Allen:Welcome. My name is Allen Gillespie, and I am the Chief Investment Officer for FinTrust Capital Advisors, and today’s host. You’re listening to the FinTrust Capital Advisors From The Desk Of Podcast: our podcast about markets, life, and things financial.
Today’s podcast is about Father’s Day and inflation hedges. The army green, and probably army issued filing cabinet, had stood silently at attention holding papers behind the reading desk in my father’s study for as long as I could remember. It’d probably been there since my parents built the house in 1971 and before my birth in 1972. In that regard, the house and the filing cabinet both predated Nixon’s closing of the Gold Window in August 1971, and the Great Inflation Wave which followed in 1973 and ’74, during which inflation reached a high of 12.34%. Little did I know, or expect, as I began to open drawers and shuffle through old papers, that what I would find that day would over time would become among my most valued possessions. The initial papers I pulled appeared to be mostly junk. A secret stash of extra Hallmark birthday and anniversary cards, should one need a quick solution to forgetfulness; newspaper clippings about civic organizations which have since been created, grown, or shrunk, or moved to the next generation’s responsibilities; articles about people I did not know or remember. There were files of old financial records of long closed accounts and bills paid. Trash, trash, and more trash. Then finally, I found something interesting. There it was: an old Liberty Life Insurance policy with the face value of $1,000, that Jesse Gillespie had purchased in 1931 on one Marion Ray Gillespie. The immediate question that came to mind was straightforward enough, “Why purchase life insurance on a newborn?” Maybe the grandfather I never knew purchased it because he clearly understood life’s uncertainties. He had crippling injuries from World War I and his own death certificate hung on his office wall. He had been lost in No Man’s Land and reported dead back in 1917. I had also heard the stories of Charles, a young child my grandparents had lost just before my father’s birth, and the mental toll that it had taken on them. Maybe it was just common practice in 1931 because of the status of healthcare in Upstate South Carolina. The time was also in the middle of the Great Depression when 50% of the country’s banks failed, so maybe my grandfather saw it as a way to save a little cash outside of the banking system. He was a County Treasurer, so maybe he just viewed it as a reasonable financial thing to do. Regardless, as I looked at the policy date, I quickly realized that Roosevelt ended the Gold Standard and devalued those 1931 dollars just two years later in 1933. As a result, the purchasing power of the face value of the policy had declined by 69% within a mere two years of its purchase. From the time of my father’s birth to his passing in 2012, when I cashed in the policy, the gold price had increased from $20.67 an ounce to $1,650.00 an ounce. From that, I calculated that the inflation had averaged just over 5% per year during my father’s lifetime. Clearly, nominally priced, fixed amount insurance policies with long time horizons are not designed to survive a lifetime of inflation. While I enjoyed tracking down the remains of the Liberty Life Insurance Company through decades of mergers, the policy’s history was only a passing curiosity.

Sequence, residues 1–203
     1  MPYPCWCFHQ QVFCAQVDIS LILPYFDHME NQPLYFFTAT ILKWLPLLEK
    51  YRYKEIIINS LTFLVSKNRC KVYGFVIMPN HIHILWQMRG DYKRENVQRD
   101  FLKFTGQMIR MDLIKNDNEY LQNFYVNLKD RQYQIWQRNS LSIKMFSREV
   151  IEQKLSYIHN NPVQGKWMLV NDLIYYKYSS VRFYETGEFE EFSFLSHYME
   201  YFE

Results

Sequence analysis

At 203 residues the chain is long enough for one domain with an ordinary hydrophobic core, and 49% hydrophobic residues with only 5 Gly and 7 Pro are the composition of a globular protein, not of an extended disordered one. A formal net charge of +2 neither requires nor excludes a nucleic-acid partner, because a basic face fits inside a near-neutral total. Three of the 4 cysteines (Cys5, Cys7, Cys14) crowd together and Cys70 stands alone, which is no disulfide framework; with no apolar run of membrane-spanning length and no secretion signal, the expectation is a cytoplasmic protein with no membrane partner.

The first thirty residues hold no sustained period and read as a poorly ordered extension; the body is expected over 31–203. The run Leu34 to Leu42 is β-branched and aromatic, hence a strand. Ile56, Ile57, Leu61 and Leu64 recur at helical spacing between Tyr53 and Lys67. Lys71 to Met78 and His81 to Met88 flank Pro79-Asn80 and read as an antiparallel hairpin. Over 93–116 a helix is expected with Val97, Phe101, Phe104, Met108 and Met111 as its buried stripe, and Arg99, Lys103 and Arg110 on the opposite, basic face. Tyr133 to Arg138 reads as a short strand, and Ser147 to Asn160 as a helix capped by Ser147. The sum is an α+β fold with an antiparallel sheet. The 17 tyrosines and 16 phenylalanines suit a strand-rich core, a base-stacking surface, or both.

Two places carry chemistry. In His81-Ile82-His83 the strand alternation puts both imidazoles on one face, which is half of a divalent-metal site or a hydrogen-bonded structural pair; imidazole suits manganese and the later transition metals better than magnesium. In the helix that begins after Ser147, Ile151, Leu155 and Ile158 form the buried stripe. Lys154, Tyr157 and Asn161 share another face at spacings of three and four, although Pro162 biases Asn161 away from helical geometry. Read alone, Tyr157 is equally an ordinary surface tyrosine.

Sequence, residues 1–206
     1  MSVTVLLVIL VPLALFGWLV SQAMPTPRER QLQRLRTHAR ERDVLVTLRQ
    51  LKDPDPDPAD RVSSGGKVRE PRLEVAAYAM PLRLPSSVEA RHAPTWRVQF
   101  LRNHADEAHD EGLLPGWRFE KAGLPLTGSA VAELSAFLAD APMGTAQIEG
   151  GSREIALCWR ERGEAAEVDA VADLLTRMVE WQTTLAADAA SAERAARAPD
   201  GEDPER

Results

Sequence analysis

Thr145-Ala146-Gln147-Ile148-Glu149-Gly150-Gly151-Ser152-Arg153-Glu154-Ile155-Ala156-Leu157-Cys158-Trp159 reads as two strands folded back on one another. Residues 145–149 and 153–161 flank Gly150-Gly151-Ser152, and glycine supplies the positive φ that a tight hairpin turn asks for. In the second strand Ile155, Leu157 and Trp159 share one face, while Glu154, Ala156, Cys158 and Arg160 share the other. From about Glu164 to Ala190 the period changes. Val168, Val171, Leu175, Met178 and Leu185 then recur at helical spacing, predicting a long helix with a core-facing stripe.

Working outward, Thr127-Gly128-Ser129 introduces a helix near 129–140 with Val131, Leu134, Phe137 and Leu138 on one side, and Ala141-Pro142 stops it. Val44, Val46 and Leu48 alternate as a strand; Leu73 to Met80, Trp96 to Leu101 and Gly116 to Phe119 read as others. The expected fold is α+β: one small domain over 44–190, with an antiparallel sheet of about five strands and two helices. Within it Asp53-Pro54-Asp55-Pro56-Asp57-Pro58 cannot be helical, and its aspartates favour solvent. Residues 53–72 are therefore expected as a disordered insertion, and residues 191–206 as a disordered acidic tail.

As I continued shuffling through folders, I eventually found what would come to be among my most favorite possessions: a folder full of quotes, clippings, and words of wisdom from various newsletters, articles, and newspapers collected and curated over many years by my father. There was the full poem of Rabbi Ben Ezra by Robert Browning, the opening line of which Dad loved to quote, “Grow old along with me! The best is yet to be,” it was also carved into the benches around our yard. There was Rudyard Kipling’s famous If— poem, there was a prayer to begin the day, there were words from the Dalai Lama, Spinoza, Cicero, and others. There were words on gardening, love, and on being a good husband. There were economic thoughts from Abraham Lincoln,
“You cannot bring about prosperity by discouraging thrift. You cannot strengthen the weak by weakening the strong. You cannot help the [wage] earner by pulling down the wage payer. You cannot further the brotherhood of man by encouraging class hatred. You cannot help the poor by [destroying] the rich. You cannot establish sound security on borrowed money. You cannot keep out of trouble by spending more than you earn. You cannot build character and courage by taking away man’s initiative and independence. You cannot help men permanently by doing for them what they could, and should, do for themselves.”
There was “The Lessons of History” by Will and Ariel Durant, which concluded that history’s lesson to the country is that moderates save the day, the extremists will always be pulling one way or another, but to yield to either is perilous. There was the strong voice of Winston Churchill pushing back against the collectivists of his time,